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Amygdalohippocampal Area Neurons That Project to the Preoptic Area Mediate Infant-Directed Attack in Male Mice

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Title: Amygdalohippocampal Area Neurons That Project to the Preoptic Area Mediate Infant-Directed Attack in Male Mice
Authors: Sato, Keiichiro Browse this author
Hamasaki, Yumi Browse this author
Fukui, Kiyoshiro Browse this author
Ito, Kazuki Browse this author
Miyamichi, Kazunari Browse this author
Minami, Masabumi Browse this author →KAKEN DB
Amano, Taiju Browse this author →KAKEN DB
Keywords: aggression
amygdalohippocampal area
medial preoptic area
oxytocin
rabies virus
social behavior
Issue Date: 13-May-2020
Publisher: Society for Neuroscience
Journal Title: Journal of neuroscience
Volume: 40
Issue: 20
Start Page: 3981
End Page: 3994
Publisher DOI: 10.1523/JNEUROSCI.0438-19.2020
Abstract: Male animals may show alternative behaviors toward infants: attack or parenting. These behaviors are triggered by pup stimuli under the influence of the internal state, including the hormonal environment and/or social experiences. Converging data suggest that the medial preoptic area (MPOA) contributes to the behavioral selection toward the pup. However, the neural mechanisms underlying how integrated stimuli affect the MPOA-dependent behavioral selection remain unclear. Here we focus on the amygdalohippocampal area (AHi) that projects to MPOA and expresses oxytocin receptor, a hormone receptor mediating social behavior toward pups. We describe the activation of MPOA-projection AHi neurons in male mice by social contact with pups. Input mapping using the TRIO method reveals that MPOA-projection AHi neurons receive prominent inputs from several regions, including the thalamus, hypothalamus, and olfactory cortex. Electrophysiological and histologic analysis demonstrates that oxytocin modulates inhibitory synaptic responses on MPOA-projection AHi neurons. In addition, AHi forms the excitatory monosynapse to MPOA, and pharmacological activation of MPOA-projection AHi neurons enhances only aggressive behavior, but not parental behavior. Interestingly, this promoted behavior was related to social experience in male mice. Collectively, our results identified a presynaptic partner of MPOA that can integrate sensory input and hormonal state, and trigger pup-directed aggression.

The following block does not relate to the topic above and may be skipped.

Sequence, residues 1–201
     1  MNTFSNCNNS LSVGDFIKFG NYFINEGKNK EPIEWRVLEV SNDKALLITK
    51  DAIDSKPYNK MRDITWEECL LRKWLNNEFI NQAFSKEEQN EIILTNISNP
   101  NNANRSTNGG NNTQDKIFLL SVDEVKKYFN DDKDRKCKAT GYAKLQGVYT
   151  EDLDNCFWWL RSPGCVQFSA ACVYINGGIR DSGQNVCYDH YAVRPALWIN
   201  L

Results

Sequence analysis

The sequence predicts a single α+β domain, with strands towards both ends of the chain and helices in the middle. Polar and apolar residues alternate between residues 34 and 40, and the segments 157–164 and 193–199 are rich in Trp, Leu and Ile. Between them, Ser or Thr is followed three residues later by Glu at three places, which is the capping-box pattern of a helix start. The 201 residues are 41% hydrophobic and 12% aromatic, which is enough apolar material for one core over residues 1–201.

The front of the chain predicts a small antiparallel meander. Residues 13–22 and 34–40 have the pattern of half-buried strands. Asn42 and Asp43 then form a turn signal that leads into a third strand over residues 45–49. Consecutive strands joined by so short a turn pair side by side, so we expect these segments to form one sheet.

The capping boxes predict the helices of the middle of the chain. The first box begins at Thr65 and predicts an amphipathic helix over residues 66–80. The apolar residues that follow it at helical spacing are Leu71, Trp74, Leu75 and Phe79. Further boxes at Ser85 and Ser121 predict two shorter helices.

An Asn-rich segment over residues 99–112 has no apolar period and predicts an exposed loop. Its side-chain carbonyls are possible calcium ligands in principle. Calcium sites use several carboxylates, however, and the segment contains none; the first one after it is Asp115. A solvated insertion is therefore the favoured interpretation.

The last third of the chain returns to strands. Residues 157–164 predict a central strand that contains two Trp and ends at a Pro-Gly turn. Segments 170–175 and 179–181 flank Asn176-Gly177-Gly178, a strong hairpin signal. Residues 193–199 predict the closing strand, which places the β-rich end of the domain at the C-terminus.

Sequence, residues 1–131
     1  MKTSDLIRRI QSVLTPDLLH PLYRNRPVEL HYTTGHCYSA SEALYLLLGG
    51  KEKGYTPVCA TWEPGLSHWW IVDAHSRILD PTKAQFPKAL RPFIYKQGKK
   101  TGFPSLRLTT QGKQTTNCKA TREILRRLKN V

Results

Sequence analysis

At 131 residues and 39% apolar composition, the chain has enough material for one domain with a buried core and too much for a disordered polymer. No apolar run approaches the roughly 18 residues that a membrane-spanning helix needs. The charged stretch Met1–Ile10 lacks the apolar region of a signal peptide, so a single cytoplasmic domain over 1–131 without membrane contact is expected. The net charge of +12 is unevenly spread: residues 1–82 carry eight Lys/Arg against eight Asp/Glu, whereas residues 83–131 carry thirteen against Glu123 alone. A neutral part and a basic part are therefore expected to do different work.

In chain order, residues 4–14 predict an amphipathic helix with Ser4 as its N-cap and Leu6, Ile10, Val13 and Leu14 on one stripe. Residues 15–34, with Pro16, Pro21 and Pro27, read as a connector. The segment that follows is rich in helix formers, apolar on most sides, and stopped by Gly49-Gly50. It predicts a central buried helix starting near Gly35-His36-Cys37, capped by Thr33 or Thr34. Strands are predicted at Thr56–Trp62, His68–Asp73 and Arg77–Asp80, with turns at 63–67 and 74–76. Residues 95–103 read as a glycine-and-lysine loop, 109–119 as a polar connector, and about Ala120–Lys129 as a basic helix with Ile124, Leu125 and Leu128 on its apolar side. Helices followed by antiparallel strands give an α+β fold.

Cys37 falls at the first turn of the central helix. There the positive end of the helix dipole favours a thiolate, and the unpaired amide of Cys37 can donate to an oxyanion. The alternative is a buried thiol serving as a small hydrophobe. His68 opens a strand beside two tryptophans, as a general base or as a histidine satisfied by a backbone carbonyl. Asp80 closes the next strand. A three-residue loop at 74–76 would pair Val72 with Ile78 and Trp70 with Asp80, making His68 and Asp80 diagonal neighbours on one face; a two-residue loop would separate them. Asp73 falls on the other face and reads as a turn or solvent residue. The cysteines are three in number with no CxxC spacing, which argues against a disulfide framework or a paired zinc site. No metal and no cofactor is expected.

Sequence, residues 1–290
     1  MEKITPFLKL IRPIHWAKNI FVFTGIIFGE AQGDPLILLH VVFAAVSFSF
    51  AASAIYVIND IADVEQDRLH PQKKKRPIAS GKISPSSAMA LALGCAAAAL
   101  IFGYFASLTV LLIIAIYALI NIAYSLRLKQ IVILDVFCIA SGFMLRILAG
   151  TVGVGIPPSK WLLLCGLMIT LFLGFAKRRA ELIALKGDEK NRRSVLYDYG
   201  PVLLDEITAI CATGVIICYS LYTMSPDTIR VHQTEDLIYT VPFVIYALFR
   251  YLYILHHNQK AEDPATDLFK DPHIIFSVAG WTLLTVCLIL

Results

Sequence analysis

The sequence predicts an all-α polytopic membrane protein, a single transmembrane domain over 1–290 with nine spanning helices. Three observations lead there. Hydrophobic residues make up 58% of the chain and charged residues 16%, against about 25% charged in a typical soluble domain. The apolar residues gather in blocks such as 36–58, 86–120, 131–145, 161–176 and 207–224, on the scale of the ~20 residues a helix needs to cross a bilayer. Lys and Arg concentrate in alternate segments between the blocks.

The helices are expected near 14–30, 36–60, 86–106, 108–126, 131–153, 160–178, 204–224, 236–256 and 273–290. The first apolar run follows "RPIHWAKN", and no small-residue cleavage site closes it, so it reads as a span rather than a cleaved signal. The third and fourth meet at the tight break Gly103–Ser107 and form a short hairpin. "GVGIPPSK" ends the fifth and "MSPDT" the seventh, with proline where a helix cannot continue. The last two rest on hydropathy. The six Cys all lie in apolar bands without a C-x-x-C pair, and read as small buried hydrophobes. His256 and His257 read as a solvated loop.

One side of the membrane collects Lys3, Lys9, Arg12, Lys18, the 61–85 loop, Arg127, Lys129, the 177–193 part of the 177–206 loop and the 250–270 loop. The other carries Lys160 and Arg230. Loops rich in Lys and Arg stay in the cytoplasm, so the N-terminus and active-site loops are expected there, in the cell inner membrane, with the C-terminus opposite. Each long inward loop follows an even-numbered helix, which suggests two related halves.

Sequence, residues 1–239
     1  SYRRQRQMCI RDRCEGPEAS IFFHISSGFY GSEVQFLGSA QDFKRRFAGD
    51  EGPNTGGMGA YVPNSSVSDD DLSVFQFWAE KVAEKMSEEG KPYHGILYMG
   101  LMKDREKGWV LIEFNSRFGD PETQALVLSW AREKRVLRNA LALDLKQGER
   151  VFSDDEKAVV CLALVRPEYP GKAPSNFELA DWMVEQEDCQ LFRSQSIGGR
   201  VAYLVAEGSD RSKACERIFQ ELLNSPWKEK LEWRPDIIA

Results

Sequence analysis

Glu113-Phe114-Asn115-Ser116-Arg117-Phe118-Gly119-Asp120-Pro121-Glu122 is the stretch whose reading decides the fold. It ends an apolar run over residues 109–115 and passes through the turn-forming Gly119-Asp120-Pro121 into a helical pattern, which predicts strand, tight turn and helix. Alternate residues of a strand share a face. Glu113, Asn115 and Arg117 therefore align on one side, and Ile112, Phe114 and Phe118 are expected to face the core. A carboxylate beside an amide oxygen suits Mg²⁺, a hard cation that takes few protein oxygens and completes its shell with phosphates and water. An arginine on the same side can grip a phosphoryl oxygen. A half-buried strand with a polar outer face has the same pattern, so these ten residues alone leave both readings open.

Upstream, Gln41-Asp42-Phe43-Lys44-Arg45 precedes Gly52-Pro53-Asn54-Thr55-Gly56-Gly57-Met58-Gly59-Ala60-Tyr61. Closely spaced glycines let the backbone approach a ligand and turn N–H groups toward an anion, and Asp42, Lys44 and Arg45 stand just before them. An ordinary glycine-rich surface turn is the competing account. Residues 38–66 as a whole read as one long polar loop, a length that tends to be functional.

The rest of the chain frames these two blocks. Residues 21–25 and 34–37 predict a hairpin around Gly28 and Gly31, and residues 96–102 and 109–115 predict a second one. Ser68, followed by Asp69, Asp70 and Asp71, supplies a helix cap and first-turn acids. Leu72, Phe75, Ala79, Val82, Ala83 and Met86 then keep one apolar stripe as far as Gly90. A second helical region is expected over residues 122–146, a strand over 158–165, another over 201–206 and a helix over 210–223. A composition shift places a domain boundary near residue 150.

Rights: https://creativecommons.org/licenses/by/4.0/
Type: article
URI: http://hdl.handle.net/2115/79739
Appears in Collections:薬学研究院 (Faculty of Pharmaceutical Sciences) > 雑誌発表論文等 (Peer-reviewed Journal Articles, etc)

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